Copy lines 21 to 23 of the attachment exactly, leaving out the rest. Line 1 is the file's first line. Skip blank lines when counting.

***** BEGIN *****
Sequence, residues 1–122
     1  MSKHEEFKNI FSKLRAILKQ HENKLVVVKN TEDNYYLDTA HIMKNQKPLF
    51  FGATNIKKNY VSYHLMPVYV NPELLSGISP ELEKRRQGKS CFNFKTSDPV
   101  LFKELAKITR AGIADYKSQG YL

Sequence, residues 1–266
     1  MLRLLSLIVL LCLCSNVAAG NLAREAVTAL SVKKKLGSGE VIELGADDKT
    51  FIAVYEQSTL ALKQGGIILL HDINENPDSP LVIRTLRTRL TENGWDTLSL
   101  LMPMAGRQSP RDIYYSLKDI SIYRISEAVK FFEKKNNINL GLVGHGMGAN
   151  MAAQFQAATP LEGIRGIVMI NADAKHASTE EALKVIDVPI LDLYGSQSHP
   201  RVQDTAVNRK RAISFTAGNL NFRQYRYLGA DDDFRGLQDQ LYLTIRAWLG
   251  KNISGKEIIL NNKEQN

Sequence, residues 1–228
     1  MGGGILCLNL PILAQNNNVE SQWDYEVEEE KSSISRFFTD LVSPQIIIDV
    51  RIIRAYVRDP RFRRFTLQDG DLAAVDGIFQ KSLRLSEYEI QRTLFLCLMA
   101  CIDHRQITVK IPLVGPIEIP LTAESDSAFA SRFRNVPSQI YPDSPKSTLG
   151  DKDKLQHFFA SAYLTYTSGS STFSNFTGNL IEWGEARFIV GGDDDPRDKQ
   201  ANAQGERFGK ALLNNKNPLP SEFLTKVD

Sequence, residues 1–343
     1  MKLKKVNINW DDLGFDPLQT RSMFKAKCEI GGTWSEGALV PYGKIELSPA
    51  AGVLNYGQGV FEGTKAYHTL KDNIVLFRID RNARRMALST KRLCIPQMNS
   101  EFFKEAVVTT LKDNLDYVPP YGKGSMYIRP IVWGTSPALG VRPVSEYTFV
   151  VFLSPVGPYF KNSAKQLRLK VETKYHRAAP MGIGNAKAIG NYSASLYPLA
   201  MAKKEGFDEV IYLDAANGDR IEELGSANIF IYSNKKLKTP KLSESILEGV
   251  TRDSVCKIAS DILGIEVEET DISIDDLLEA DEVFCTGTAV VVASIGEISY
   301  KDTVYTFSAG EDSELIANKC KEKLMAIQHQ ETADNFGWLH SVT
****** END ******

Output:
   101  EFFKEAVVTT LKDNLDYVPP YGKGSMYIRP IVWGTSPALG VRPVSEYTFV
   151  VFLSPVGPYF KNSAKQLRLK VETKYHRAAP MGIGNAKAIG NYSASLYPLA
   201  MAKKEGFDEV IYLDAANGDR IEELGSANIF IYSNKKLKTP KLSESILEGV